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Log4j Exploitations Have Slowed, But Attack Vectors Remain

Russia, Brazil and US are Top Countries Targeted in Attacks Tied to Log4shell
Log4j Exploitations Have Slowed, But Attack Vectors Remain
An artistic interpretation of the Log4j vulnerability aka Log4Shell (Photo: Kevin Beaumont)

Attackers made more than 30,000 attempts to scan and leverage exploits found in the critical Log4Shell vulnerability in January, according to security firm Kaspersky. Log4Shell, a flaw found in the Apache Software Foundation Log4j library logging tool, was first disclosed to the public in December and continues to be a challenge.

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Although Kaspersky researchers say attackers are still seeking ways to facilitate the remote code execution vulnerability, the 30,562 blocked attempts mark a decline in numbers from when the flaw was originally disclosed. But cybercrime groups, such as Prophet Spider and freshly emerging ransomware gang Night Sky, have attempted to exploit the flaw.

Some researchers and security professionals have also observed downloads of vulnerable Log4j software, and in some cases an unawareness of the vulnerability altogether, despite the far-reaching attention given to the flaw, as well as other issues. And the Computer Emergency Response Team of Ukraine, known as CERT-UA, has not ruled out ties to the Log4j vulnerability in the investigation of recent attacks on government websites deployed through wiper malware (see: Cyberattack Spillover From Ukraine: Be Prepared, UK Warns).

“We certainly see that there have been far fewer scans and attempted attacks using Log4Shell than there were in the first weeks when it was initially discovered," says Evgeny Lopatin, security expert for Kaspersky. "Still, attempts to exploit this vulnerability are here to stay."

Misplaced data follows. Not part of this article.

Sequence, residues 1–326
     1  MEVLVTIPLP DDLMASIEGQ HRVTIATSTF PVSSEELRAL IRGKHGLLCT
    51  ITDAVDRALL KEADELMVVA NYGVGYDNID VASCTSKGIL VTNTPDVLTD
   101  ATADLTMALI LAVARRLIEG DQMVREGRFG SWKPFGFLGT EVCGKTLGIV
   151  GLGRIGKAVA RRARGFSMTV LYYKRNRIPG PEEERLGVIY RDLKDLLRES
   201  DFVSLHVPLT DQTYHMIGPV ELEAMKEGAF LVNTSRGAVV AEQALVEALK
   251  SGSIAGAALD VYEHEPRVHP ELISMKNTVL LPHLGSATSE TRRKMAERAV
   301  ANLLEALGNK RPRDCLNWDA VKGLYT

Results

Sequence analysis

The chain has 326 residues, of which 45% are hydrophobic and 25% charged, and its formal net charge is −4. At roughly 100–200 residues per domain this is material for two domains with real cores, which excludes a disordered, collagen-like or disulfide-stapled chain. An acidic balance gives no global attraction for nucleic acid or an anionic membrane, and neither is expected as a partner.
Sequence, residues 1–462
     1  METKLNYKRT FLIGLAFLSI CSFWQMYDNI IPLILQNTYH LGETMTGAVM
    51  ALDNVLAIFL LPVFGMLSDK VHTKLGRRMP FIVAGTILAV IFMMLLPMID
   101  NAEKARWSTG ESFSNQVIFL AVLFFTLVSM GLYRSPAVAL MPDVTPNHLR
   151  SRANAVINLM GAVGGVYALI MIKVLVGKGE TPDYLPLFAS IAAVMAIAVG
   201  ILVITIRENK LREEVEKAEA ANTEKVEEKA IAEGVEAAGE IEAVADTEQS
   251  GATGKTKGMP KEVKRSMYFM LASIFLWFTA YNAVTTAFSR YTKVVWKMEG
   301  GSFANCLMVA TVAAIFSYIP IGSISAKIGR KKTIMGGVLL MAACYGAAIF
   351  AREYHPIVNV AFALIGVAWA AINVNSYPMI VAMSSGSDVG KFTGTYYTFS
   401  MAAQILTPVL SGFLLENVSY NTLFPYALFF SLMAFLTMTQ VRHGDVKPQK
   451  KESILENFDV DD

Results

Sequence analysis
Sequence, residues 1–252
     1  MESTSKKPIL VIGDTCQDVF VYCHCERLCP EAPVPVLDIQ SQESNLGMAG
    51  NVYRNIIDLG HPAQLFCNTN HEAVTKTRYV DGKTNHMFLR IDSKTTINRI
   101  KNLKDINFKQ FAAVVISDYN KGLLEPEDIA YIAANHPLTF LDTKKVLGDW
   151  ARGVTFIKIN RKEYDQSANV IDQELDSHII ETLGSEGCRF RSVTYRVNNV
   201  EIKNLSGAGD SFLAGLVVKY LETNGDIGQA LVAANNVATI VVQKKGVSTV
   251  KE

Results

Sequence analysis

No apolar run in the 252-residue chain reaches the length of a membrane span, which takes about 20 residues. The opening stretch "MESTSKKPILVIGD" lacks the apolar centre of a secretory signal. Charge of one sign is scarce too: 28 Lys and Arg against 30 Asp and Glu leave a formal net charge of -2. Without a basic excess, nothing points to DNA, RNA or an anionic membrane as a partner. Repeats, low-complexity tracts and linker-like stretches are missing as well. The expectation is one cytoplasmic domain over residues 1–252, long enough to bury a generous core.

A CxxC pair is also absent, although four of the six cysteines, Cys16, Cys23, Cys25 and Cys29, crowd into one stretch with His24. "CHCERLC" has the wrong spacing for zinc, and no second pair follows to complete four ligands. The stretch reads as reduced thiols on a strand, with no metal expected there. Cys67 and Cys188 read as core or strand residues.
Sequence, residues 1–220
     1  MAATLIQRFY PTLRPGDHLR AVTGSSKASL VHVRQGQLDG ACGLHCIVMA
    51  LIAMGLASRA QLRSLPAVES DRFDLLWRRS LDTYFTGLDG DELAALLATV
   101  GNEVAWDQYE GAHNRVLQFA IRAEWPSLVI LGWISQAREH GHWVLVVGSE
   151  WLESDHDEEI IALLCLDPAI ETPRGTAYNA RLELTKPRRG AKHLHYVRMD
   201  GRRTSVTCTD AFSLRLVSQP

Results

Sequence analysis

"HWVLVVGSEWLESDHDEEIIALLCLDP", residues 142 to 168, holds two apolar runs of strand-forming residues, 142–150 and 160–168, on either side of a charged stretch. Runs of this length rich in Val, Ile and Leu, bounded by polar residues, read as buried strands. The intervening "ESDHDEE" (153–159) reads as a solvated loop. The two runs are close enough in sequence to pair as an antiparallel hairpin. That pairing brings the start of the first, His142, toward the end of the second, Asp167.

Log4Shell, which is tracked as CVE-2021-44228, is one of the most severe vulnerabilities detected in recent years, with a CVSS critical score of 10 out of 10. The dangers of this flaw - aside from the widespread use of Log4j in the development of Java-based apps and software - lie in the potential for an attacker to take complete control over a network system through executing arbitrary code.

To date, Kaspersky has detected and prevented more than 150,000 attempts to strike networks by leveraging the flaw.

Top Targets: Russia, Brazil and US

Chart shows scans/attempts to exploit Log4j flaw from Jan. 1 to Jan. 20 (Source: Kaspersky)

According to research by Kaspersky, nearly 40% of the attacks were detected in the first five days in January and the top three targeted countries were Russia, Brazil and the U.S.

Kaspersky researchers broke down the percentages of the attacks as follows:

  1. Russia - 13%
  2. Brazil - 8.97%
  3. U.S. - 7.36%

Lopatin tells ISMG: "We can assume that the activity of both researchers and cybercriminals in regard to this vulnerability will continue to decline in 2022," but that because of how easy an attack vector is to launch, tools to exploit Log4Shell will "stay in the arsenal of cybercriminals for a long time."

Users who do not update to the latest versions of Apache Log4j will continue to be at risk of attacks, warns Lopatin, who also says that updating software can take security teams weeks and sometimes months.

Kaspersky, as well as federal agencies such as the Cybersecurity and Infrastructure Security Agency, recommend installing the latest version of the Apache Log4j library, 2.17.1 and following guidelines by Apache Logging Services for patching tips. If network defenders cannot meet the demands of remediating Log4j in a timely manner, Lopatin also urges organizations to seek assistance through a trusted service provider.

Still Challenges Ahead

Even though the Log4Shell vulnerability had been a major focus in the security world - and in some cases mainstream media - there are still many who continue to download unsafe versions of Log4j or may not even be aware of the flaw.